Public protector or paper tiger? personality, politics and performance: an analysis based on precedent.
Kisten, Reece Renae.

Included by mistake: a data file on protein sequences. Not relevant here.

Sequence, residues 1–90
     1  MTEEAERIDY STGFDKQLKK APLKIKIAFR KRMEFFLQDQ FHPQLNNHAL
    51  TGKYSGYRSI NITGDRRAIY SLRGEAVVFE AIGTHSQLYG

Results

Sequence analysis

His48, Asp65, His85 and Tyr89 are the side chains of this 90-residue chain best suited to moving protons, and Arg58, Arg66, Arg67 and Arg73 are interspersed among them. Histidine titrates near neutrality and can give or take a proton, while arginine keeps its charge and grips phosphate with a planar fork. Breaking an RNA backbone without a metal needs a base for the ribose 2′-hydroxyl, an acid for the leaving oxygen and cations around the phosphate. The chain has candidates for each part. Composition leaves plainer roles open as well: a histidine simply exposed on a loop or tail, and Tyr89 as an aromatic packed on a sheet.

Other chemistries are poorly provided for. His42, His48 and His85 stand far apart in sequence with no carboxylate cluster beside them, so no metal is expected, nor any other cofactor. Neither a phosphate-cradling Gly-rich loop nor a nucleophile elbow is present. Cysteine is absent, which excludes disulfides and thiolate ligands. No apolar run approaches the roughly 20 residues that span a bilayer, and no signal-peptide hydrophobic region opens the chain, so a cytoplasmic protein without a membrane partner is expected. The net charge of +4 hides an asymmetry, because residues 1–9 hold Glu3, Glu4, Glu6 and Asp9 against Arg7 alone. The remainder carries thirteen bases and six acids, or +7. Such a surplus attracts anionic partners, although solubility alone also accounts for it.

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Since the inception of the post-Apartheid era, the Public Protector has found its root of empowerment in legislation (the Constitution and the Public Protector Act), which primarily constructs it as an independent and purpose built watchdog. According to the Public Protector Act, the “Public Protector has the power to investigate any conduct in state affairs, or in the public administration in any sphere of government, that is alleged or suspected to be improper or to have resulted in any impropriety or prejudice, to report on that conduct and to take appropriate remedial action, in order to strengthen and support constitutional democracy in the Republic”. This dissertation aims to examine critically the office of the Public Protector through a lens focused on incumbents to the office and the underlying circumstances of their appointments. An analysis seeking to establish whether a pattern of ineffectiveness has developed will be conducted. Further, there will be a specific focus on cadres’ deployment, which has been defined as “the appointment by government, at the behest of the governing party, of a party-political loyalist to an institution or body, independent or otherwise, as a means of circumventing public reporting lines and bringing that institution under the control of the party as opposed to the state,” and its role in adding to the ineffectiveness of the office as aforementioned. Since the inception of the office of the Public Protector, each appointed Public Protector has been closely linked with the African National Congress (“ANC”): Baqwa (ANC member), Mushwana (ANC Limpopo Provincial Executive), Madonsela (ANC member) and Mkhwebane (alleged affiliations with Zuma faction of the ANC). Save for Madonsela (3rd incumbent), each Public Protector has either made decisions that were favourable to the ANC (Mushwana and Baqwa) or made errors in their investigations that have resulted in adverse costs orders in matters that had come before the court and in findings in their investigation reports which seemed biased towards a particular faction of the ANC, if not the ANC as a whole. The aforementioned conduct naturally resulted in the office and the appointments being brought into question. Examples of such include Baqwa in respect of the Sarafina II report, Mushwana regarding the PetroSA report, and Mkhwebane in light of the Absa judgment which arose from the Bankorp report. It is the contention of the author that proper selection and appointment is indispensable for the proper functioning of the Public Protector. The influence of politics and the system of cadre deployment must be jettisoned. It is further submitted that, if these elements (politics and cadre deployment) are removed, thereafter a theory which highlights the importance of choosing the correct person for the job, namely the Human Capital theory, applied, then the result will be that the appointment of the Public Protector will be made from an appropriate and specific category of persons. As submitted by the author, the appointment of the Public Protector should be made from the ranks of the Supreme Court of Appeal and Constitutional Court judges. In terms of effecting this change to the current selection process, an amendment of section 1(A) of the Public Protector Act can be effected. This is practical as it will be unnecessary for the involvement of Constitutional Court direction to amend the Constitutional provisions, but rather a simple amendment of the said legislation. The result will be that the office will have the ability to operate in a manner as one would envisage based on the Constitution’s provisions, which will also be discussed in detail.